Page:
Tuesday, August 16, 2011

"Act like you've been there before"

One of the lines I so hate to hear out of an announcer - or a fan, for that matter - is "Act like you've been there before."  This line, of course, comes immediately following a score by a player.

I was subject to this as a long-time Detroit Lions NFL fan (cured of that illness by years and years of Matt Millen), where All-Millennium running back Barry Sanders would shake every opposing defensive player out of his shoes before cruising into the end zone.  Sanders, not a demonstrative guy by any means, would do something like this montage suggests (and yes, I know that these are college highlights...apparently the NFL isn't big on showing clips of guys flipping a ball to a ref):

Sanders was incredible.  No, incredible doesn't do him justice.  He was a once-in-a-generation talent.  He wasn't, however, anything close to excitable.  So he flipped the ball to the refs and ran to the sidelines again and again.

Somewhere in the sports lexicon, this behavior became not just acceptable but glorified.  Perhaps it was a  result of sports announcers faced with Sanders' velveeta behavior and trying to rationalize it to a viewing audience that was genuinely excited at what they saw.  Regardless, dispassionate play became important. You had to act like you've been there before.  Even if you hadn't.  And the NFL got that much more boring to me over time.

I tell you all that to offer this little thought:  I know nothing about Vinny Prospal.  Heck, I mess up the spelling on his last name more than I get it right.  But as I understand it, Prospal is on the Columbus Blue Jackets roster today for the express purpose of filling the gap left by Kristian Huselius' untimely weightlifting accident this offseason.  That means that Prospal will be expected to score goals, something he's done 227 times in his 14 years in the National Hockey League.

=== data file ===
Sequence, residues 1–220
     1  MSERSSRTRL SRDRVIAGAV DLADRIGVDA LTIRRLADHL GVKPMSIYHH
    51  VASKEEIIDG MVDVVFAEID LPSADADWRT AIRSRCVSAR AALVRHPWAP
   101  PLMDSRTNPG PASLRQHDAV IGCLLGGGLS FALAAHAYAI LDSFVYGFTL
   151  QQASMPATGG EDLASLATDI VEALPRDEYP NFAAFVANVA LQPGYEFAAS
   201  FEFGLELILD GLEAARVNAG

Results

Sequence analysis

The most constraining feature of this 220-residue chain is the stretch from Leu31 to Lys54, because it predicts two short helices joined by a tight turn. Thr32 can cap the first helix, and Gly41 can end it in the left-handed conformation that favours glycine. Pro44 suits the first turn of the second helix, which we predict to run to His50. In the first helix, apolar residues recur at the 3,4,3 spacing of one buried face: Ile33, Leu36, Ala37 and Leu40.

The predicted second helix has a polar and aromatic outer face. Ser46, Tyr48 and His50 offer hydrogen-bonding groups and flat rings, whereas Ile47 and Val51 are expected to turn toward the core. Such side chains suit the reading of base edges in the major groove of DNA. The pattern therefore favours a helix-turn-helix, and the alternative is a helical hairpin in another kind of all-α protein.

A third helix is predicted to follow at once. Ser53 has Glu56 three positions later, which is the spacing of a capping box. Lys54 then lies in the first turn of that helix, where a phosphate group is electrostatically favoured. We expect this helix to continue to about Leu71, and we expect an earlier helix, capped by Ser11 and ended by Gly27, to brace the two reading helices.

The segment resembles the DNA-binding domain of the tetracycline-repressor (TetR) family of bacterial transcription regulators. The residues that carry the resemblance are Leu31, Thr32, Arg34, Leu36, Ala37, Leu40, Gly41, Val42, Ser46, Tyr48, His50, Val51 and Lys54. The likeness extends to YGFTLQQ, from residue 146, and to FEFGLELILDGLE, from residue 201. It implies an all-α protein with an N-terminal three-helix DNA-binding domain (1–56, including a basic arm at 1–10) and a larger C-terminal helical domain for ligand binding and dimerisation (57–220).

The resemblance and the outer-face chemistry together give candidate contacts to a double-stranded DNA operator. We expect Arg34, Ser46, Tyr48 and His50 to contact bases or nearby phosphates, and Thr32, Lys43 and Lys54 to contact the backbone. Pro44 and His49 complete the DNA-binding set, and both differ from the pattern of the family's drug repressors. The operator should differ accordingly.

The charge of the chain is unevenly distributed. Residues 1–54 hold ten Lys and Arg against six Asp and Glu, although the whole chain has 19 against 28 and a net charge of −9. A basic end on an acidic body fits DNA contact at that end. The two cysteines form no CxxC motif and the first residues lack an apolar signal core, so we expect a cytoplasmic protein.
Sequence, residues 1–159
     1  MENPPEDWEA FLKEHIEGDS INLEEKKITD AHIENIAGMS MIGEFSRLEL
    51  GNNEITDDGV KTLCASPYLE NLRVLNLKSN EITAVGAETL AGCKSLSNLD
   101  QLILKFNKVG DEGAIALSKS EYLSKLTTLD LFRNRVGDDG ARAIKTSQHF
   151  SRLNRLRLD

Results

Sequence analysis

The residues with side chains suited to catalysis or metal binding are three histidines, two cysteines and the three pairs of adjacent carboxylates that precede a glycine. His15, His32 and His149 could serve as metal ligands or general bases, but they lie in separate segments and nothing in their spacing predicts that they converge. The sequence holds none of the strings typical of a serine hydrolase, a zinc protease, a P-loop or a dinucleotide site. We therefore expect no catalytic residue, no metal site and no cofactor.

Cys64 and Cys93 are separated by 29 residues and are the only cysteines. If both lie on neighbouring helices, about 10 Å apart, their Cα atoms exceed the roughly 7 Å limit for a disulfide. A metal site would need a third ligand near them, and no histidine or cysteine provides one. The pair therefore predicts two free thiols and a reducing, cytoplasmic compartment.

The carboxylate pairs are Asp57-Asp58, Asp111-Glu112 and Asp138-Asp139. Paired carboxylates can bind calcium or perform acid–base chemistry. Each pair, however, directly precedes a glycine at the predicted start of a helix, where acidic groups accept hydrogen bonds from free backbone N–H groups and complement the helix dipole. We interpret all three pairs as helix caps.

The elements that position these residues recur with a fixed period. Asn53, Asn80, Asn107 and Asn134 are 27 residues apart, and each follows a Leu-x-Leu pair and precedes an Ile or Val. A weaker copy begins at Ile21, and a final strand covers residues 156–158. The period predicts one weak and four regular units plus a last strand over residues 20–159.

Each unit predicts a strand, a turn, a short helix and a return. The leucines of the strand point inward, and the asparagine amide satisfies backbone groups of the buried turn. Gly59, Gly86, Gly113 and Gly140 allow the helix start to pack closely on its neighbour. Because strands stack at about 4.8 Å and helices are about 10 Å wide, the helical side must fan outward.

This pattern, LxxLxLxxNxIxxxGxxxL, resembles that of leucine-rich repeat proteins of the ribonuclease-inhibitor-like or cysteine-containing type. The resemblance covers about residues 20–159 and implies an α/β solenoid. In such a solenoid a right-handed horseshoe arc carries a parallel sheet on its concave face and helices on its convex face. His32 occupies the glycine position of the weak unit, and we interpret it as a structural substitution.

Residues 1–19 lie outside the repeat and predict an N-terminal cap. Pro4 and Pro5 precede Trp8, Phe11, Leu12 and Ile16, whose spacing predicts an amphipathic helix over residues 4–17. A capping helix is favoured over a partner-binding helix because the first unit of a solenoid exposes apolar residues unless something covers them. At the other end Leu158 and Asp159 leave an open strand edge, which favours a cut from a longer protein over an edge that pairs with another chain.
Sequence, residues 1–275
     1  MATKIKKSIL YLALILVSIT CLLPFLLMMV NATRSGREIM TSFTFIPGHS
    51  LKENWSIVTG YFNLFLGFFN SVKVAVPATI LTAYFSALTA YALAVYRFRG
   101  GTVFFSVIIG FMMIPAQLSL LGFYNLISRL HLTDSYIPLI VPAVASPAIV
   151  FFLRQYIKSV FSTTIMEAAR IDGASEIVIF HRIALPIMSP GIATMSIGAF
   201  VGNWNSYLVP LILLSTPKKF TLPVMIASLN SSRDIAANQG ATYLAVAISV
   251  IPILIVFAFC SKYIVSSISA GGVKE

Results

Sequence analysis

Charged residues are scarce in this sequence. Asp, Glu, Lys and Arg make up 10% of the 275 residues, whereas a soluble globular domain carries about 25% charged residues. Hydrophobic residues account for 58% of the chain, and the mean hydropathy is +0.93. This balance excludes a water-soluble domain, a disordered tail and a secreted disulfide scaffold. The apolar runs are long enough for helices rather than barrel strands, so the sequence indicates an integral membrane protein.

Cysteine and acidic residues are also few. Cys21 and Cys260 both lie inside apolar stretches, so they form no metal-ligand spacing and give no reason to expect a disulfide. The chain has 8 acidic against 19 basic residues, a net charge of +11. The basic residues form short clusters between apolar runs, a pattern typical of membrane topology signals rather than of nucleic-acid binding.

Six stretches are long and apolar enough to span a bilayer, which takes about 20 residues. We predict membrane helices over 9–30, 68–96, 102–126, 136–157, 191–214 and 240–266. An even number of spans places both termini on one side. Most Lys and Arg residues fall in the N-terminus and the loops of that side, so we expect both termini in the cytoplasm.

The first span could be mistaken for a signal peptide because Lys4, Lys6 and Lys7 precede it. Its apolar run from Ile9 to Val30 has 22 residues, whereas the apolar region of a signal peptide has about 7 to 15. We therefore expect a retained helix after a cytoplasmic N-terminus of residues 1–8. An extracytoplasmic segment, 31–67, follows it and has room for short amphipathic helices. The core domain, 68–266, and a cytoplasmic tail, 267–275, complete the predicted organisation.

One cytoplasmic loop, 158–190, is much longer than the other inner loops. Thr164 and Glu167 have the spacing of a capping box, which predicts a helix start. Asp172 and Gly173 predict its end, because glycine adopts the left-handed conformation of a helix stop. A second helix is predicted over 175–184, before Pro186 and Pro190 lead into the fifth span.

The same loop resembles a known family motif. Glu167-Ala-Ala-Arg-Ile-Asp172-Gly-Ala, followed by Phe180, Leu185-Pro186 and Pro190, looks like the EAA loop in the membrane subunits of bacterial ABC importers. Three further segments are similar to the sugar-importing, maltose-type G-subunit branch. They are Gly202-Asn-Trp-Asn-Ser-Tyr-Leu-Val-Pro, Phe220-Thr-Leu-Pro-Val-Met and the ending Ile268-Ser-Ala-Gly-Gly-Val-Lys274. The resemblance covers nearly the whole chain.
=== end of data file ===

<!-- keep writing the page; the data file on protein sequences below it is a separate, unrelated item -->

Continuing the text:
When CBJ general manager signed Howson, the rumblings out of New York (Prospal played for the Rangers last season) were really interesting.  The fans weren't Tweeting about how they were going to lose all sorts of goal production.  No, they were largely mentioning how they were going to miss Prospal's enthusiasm.  At the time of the signing, some New Yorker said that Columbus fans won't believe their eyes when Prospal scores his first goal as a Blue Jacket, that Prospal will celebrate like he just won the Olympics for his native Czech Republic in a sudden death overtime.

I appreciate that New Yawkers are masters of hyperbole, and that nothing ever existed before it occurred in The Big Apple, but this type of comment wasn't just coming from one person.  Lots of fans were making similar comments.  Interesting, I thought at the time.  Prospal sounded like the type of guy who could be a positive, energizing force on a Blue Jackets roster that often appeared stocked with a lot of young kids who were being told to act like they've been there before...because they don't know any better.